Tuesday, August 20, 2013

Tips for Controlling Your Pet’s Shedding

By Langley Cornwell

There was a time, a long time ago, when I naïvely thought that pet shedding was seasonal. I used to think there was a magical time in the not-so-distant future when I wouldn’t have to dust, sweep or vacuum every day. I used to hope that a furtive glance at the corners of our home wouldn’t reveal dust bunnies big enough to scare the dogs.

I’ve come to accept that pet hair all over the house, our furniture and my clothing is a fact of life. As I commiserate with family and friends, it’s apparent that while some dog and cat breeds have longer hair or thicker coats or heavier undercoats, they all still shed. Sure, some shed more than others… but they all shed hair, and it’s a nuisance.

Since we can’t stop our pets from shedding, it’s good to learn ways to reduce loose dog and cat hair from swirling around our homes.          

Dogs and cats shed for the same reason that humans do: to get rid of damaged, old or excess hair. My fantasies of seasonal shedding were not totally pipe dreams; it’s true that animals grow a thicker coat in the winter months to help insulate them from the cold. Then when summertime comes, they shed the extra hair to stay cooler. But that’s not the whole story. Pets also shed damaged hair throughout their lifetime. And if your pet happens to have any type of skin conditions, allergies or irritations, they may shed excessively.

There are steps you can take to keep your cat or dog’s skin and hair healthy and reduce the quantity of excess pet hair in your home.

Groom your pet often. My brother’s dog actually lets him use the vacuum on him, but that has to be the exception. As a rule, brushing your pet’s coat frequently removes the dead hair, which is the best thing you can do to keep shedding to a minimum. It’s also important to bathe your dog often during the summer. Regular bathing and brushing will keep your pet’s coat healthier, and a healthier coat is less likely to shed.

Cover your furniture and car seats. Pet hair seems to be magically attracted to upholstery, and the hair finds a way to attach itself so it’s nearly impossible to remove. I’ve tried vacuum cleaners with special attachments, adhesive lint rollers and a myriad of products specifically designed for the task of removing dog or cat hair from upholstery—all without success.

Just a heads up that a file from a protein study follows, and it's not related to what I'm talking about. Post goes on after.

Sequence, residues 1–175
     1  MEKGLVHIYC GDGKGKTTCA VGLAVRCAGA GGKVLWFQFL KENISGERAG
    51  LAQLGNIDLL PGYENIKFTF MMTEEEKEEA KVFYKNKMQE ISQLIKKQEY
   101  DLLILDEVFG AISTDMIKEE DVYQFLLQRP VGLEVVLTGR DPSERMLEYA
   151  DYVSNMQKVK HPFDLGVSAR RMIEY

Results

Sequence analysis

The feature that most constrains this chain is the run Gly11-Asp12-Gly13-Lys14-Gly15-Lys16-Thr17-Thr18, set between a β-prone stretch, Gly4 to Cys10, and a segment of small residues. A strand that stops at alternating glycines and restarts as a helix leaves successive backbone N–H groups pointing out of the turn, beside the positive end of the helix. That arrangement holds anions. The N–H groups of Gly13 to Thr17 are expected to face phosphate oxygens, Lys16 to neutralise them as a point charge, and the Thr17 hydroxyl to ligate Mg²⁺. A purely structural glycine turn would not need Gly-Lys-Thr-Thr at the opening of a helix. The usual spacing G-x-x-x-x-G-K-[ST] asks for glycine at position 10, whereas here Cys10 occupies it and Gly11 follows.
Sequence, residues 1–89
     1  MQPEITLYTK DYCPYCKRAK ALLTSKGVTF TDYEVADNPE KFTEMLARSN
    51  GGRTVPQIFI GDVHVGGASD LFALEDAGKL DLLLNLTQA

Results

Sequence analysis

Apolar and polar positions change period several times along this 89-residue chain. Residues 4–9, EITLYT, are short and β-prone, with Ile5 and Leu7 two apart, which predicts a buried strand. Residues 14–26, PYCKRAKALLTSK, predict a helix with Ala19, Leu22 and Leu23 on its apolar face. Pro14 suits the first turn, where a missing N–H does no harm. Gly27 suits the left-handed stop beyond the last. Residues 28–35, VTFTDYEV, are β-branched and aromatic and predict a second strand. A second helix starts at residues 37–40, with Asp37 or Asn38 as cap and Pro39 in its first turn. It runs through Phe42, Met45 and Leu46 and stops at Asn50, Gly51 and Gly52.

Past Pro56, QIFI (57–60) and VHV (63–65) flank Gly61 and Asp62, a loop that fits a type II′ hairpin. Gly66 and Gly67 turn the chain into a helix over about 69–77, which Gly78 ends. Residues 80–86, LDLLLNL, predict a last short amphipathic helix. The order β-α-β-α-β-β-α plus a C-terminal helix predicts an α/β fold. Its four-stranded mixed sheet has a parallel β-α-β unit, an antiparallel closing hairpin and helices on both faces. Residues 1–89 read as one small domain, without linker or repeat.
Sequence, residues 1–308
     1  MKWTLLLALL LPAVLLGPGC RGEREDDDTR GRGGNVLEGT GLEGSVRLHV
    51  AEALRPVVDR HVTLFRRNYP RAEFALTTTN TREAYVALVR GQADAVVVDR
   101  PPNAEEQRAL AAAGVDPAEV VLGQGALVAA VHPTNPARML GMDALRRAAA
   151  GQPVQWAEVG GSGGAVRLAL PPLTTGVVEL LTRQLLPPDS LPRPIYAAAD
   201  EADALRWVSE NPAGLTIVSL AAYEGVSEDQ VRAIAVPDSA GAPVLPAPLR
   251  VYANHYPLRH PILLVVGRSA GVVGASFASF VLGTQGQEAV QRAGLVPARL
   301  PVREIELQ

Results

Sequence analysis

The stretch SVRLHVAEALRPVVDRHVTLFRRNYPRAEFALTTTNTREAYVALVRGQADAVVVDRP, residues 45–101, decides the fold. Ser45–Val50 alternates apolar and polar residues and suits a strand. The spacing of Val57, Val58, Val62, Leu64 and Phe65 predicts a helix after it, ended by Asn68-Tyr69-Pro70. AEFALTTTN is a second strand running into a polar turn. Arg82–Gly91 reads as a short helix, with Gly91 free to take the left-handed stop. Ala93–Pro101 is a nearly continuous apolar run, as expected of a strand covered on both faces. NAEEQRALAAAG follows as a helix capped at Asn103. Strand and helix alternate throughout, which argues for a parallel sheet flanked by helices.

If you’re like me and allow your pets onto your furniture and bed, you may want to consider furniture throws and car seat covers. It’s the easiest way to keep hair off of your furniture with the added bonus of being able to remove and wash them any time you feel the need.

Vacuum regularly. Even though your furniture and car seats are protected, you still need to find a way to (humanely) control the dust bunnies. Be disciplined with your vacuuming efforts. Regular vacuuming is the easiest way to keep the corners of your home free of excess pet hair.

Feed your pets a nutritious food. A dog and cat’s coat is often a reflection of what they are fed. If your pets eat a high quality pet food, like one of CANIDAE’s new Grain Free Pure formulas, their coat will be shinier and healthier. And a healthier coat sheds less.

Maintain regular veterinarian checkups. Different diseases can affect your dog or cat’s skin and coat. As a responsible pet owner, it’s good to maintain regular visits to your veterinarian. This practice will help identify problems early, which will provide more effective treatment.

Controlling your pet’s shedding involves routine brushing and grooming as well as paying attention to your animal's diet. By following these simple tips, you can significantly reduce the amount of dog and cat hair in your home, on your furniture and in your car.

Does your pet shed a lot? If so, can you share any secrets for keeping pet shedding to a minimum?

Top photo by Caroline 
Bottom photo by Monkey Mash Button

Read more articles by Langley Cornwell

1 comment:

Related Posts Plugin for WordPress, Blogger...